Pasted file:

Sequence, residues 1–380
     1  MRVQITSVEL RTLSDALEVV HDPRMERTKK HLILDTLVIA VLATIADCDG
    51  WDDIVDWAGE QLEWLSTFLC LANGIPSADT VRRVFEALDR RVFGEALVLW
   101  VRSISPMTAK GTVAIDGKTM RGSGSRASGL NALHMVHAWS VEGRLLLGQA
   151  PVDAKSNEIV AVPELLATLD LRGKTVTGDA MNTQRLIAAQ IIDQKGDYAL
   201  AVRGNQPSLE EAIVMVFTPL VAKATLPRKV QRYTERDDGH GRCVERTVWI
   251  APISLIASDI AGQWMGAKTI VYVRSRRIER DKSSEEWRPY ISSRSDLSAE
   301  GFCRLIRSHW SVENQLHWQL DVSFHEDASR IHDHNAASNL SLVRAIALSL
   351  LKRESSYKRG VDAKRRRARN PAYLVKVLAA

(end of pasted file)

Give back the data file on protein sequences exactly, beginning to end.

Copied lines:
Sequence, residues 1–380
     1  MRVQITSVEL RTLSDALEVV HDPRMERTKK HLILDTLVIA VLATIADCDG
    51  WDDIVDWAGE QLEWLSTFLC LANGIPSADT VRRVFEALDR RVFGEALVLW
   101  VRSISPMTAK GTVAIDGKTM RGSGSRASGL NALHMVHAWS VEGRLLLGQA
   151  PVDAKSNEIV AVPELLATLD LRGKTVTGDA MNTQRLIAAQ IIDQKGDYAL
   201  AVRGNQPSLE EAIVMVFTPL VAKATLPRKV QRYTERDDGH GRCVERTVWI
   251  APISLIASDI AGQWMGAKTI VYVRSRRIER DKSSEEWRPY ISSRSDLSAE
   301  GFCRLIRSHW SVENQLHWQL DVSFHEDASR IHDHNAASNL SLVRAIALSL
   351  LKRESSYKRG VDAKRRRARN PAYLVKVLAA